Imagine you could instantly see if a suspicious account was created with a device that had been seen previously in the database. Or that a payment instrument is shared with a previous chargeback. Or a user shares a number with a known fraudster.
Any of these pieces of information would be useful but imagine if you could see them all at once, instantly and for any user, with up to 20 different dimensions mapped out in beautiful technicolour highlighting connections both good and bad.
You have optimised data lying dormant in your database right now. It is dying to tell you a story about your users. So let it.
The key to creating these stories is graph database technology and it can be integrated into even the most data-rich environment with surprising ease.
It’s simply a question of identifying the six to ten most relevant data points and mapping them, rather than trying to swallow the entire data elephant. That is where things start to go very wrong.
3. Fraud is an ever growing problem
Fraud rarely appears as an item of concern on the annual report - so does that mean there is not a serious concern?
Gambling companies tend to be pretty good at certain types of fraud but others get recorded as costs of sale.
Third party chargebacks is largely a solved problem. Collusion fraud or fraud rings, while still a risk due to potential size of losses, are something that is well-monitored.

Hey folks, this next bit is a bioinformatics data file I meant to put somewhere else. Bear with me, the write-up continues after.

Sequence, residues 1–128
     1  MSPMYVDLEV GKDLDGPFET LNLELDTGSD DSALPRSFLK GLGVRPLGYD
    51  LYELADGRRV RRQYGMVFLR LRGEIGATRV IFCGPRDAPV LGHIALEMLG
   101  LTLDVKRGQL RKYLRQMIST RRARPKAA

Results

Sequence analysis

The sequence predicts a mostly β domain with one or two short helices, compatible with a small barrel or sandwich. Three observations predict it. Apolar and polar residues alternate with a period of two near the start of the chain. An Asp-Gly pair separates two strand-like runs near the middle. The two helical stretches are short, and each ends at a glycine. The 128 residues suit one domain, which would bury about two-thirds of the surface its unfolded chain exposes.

However, voucher and/or promo code fraud is an enormous and growing problem. Every site has more and more codes as the battle for first time users is relentless.
The risk and the reality of misuse is huge. Some estimates in gaming put it at 15% of total revenue is a result of promotion abuse (albeit much of that ‘abuse’ might be technically legitimate play within the terms of service). The time spent on monitoring usage is also arduous. With the battle for first-time users raging, it is also not a problem that is going to go away anytime soon.
Fraud teams are increasingly being charged with monitoring and managing the redemption of promotions codes. Fraudsters are using more and more sophisticated and cheaper methods to create accounts and exploit those accounts for fraud.
Bots are continually being adapted to route round the checks we have to spot them - increasingly they are able to read the blurry numbers that Captcha presents (not to mention the user drop-of those checks result in).
Yet the tools our fraud teams are using have largely remained static. What use is a rule-based fraud system for voucher abuse?
What’s needed are systems that analyse behaviour, maps connections in a database and, if needed, can risk score that behaviour and those connections in order to flag abuse.
The good news is most online businesses are recording this data through the website, mobile site and in-app. But the bad news is that as far as fraud detection goes, this data is largely being wasted.
The variety, scale and sophistication of fraud attacks continue to grow. The onus is on the industry to respond in increasingly smart ways to combat this growth. That can only be based on using the data that is there in smarter and more connected ways.
Highlighting risks more accurately exposing links more thoroughly will help in this battle, but more imprortantly a higher level recognition that the game has changed and fraud risk needs to be looked at again in the context of compromised accounts exploiting a variety of system vulnerabilities. It is not a solved problem.